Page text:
When Mike June left New Jersey for Austin about eight years ago, the move made perfect sense. June’s gritty Americana songs seemed as though they were born from a Texan landscape anyway. Years of playing in the local scene helped him further develop his sound, culminating in a pair of brilliant records in 2012 (Exile On Wilson Street and Talkin’ Revolution Blues). His newest, Poor Man’s Bible, will be released early in 2016. It’s one that builds on several themes in his recent records — spirituality, honesty, and a revolution he notices taking place across the globe.
Mike will likely be performing songs from the upcoming release on his current U.S. tour which includes a pair of shows in New Jersey and one in Philadelphia. The tour comes a few weeks after returning from a 16,000 mile round-trip journey of shows through Germany, France, England, Scotland, Holland, and Denmark. In a letter to his mailing list sent in early October, the upcoming tour was dwarfed by two significant events. The first bombshell was the announcement of his engagement to fellow musician Jess Klein.
“I had been thinking about it for a long time, but definitely didn’t plan for it to happen on this tour,” explained June. “We were in this town in France for a few days; a 5th century city with a castle. It was just beautiful. We had a day off and she has a friend who lives in South Africa and was visiting Paris. So, the wheels started spinning. It was like this is more than perfect…”
“It wasn’t as romantic as it sounds though,” continued June. “It’s pretty funny because we were both so tired from all of the traveling, by the time we got to Paris we had driven about four hours, and I had to drag her down to the Eiffel Tower. When we finally got there I was like, ‘I know you’re tired and I’ve been dragging you around every city in Europe for the past month, but this is why.’”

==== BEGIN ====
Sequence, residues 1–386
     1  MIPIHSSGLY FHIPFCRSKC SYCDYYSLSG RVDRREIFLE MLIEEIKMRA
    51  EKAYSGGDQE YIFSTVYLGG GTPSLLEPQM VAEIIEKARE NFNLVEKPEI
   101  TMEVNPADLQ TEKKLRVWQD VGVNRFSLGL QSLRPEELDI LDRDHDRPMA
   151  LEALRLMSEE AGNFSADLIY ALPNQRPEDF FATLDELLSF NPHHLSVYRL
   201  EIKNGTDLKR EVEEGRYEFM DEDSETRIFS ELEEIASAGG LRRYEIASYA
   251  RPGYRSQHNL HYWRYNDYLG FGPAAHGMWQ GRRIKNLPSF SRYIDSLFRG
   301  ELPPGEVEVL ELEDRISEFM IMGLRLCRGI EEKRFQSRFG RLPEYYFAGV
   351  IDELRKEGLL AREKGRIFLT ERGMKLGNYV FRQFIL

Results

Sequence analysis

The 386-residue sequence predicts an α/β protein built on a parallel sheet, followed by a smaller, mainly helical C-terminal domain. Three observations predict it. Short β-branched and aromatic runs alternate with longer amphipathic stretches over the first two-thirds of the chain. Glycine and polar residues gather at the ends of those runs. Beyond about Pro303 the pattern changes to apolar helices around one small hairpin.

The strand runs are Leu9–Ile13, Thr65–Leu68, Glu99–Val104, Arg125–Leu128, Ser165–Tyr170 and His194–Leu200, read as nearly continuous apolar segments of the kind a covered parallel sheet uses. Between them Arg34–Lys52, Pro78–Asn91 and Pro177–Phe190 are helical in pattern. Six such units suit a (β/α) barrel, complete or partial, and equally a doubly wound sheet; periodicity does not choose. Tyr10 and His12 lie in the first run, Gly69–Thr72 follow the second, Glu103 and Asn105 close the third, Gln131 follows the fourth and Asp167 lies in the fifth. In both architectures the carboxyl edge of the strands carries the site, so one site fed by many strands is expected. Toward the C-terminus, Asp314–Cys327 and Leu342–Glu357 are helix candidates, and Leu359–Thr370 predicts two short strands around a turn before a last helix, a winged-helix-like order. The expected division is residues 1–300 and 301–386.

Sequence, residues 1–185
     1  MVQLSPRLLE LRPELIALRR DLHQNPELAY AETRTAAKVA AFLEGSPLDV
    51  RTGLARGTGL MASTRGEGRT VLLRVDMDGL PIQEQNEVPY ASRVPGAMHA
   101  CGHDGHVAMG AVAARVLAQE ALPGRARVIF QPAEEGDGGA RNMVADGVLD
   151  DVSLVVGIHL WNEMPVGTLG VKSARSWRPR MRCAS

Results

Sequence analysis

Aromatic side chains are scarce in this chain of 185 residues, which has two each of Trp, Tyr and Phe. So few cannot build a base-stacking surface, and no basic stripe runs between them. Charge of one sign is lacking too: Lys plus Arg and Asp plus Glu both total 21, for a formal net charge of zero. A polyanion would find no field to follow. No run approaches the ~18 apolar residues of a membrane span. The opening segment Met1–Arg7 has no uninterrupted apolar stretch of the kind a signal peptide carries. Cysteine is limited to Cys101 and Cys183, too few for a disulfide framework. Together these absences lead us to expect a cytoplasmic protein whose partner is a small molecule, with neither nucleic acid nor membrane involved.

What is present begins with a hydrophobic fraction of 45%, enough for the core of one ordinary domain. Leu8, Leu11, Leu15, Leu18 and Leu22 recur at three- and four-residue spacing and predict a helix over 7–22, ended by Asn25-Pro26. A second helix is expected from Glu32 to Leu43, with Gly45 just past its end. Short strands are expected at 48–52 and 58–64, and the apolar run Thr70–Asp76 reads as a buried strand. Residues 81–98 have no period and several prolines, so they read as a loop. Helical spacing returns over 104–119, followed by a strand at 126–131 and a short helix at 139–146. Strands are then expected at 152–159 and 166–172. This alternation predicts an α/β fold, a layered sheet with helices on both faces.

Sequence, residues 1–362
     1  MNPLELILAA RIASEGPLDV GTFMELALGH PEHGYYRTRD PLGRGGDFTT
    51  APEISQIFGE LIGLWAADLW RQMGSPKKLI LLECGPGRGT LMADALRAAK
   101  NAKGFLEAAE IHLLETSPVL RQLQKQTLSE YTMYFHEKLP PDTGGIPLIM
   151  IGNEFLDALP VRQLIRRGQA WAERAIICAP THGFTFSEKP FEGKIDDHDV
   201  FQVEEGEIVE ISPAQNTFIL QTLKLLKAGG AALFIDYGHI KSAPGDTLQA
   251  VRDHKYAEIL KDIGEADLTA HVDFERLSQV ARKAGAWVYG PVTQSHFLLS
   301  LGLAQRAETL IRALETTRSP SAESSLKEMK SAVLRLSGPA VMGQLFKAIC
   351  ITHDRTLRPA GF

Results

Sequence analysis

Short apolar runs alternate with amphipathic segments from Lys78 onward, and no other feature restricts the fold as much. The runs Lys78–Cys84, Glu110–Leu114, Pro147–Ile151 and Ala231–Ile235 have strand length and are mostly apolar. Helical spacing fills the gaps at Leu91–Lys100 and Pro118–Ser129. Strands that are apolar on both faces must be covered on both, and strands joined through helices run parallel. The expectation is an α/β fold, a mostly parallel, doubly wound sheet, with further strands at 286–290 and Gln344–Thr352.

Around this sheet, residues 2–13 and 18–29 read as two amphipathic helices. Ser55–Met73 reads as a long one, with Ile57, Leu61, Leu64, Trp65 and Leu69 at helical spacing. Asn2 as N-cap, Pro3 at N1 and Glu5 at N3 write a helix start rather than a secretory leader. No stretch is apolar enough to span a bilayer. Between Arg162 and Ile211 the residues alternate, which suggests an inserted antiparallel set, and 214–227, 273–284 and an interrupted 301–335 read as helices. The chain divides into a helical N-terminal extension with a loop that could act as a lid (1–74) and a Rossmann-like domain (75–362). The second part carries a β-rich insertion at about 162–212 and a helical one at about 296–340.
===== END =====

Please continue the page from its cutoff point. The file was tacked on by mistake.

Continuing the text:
The couple has been thinking about moving out of Austin and starting somewhere new. In the past decade, the rising cost of living in the city has made it difficult for many musicians to survive. In addition, Austin’s population has swelled in recent years, largely due to an influx of musicians arriving with a dream of making it big. The influx has completely oversaturated the local music scene.
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“It’s like Los Angeles,” explained June. “When you go to L.A., you can walk up to anyone in the city and ask, ‘How’s your screenplay going?’ They’ll be like, ‘How did you know I was writing a screenplay?’ Austin is kind of the same with songwriters.”
June is originally from River Valle, NJ; his fiancee is from Rochester, NY, and they both have family in Florida. They are considering a move to somewhere like Raleigh, NC, where they would be only a few hours away from the venues in the Northeast they’ve played for years. The east coast would also be a better base for a touring musician than living in the middle of Texas, far away from everything else.
The second bombshell dropped in Mike’s email to his fans was that this might be his last tour.
“I’ve been working hard for the past couple of years,” he said. “It’s a constant grind. The good shows are few and far between and the money’s not coming in. I’m starting to feel the burn out. It’s one of those things you usually think about when you’re on tour or in a hotel room by yourself after a crappy night. I just want to sit back and wait and see what happens with this record, getting married, and moving.”
“Being in the music industry these days is like a Catch 22,” he added. “I started touring so much because I couldn’t buy the publicity you’re supposed to get with a radio promotion. I was hoping a tour would get me some attention, but that didn’t turn out that way. And you don’t exactly make a lot of money when you’re touring to pay for those things. It becomes a vicious cycle.”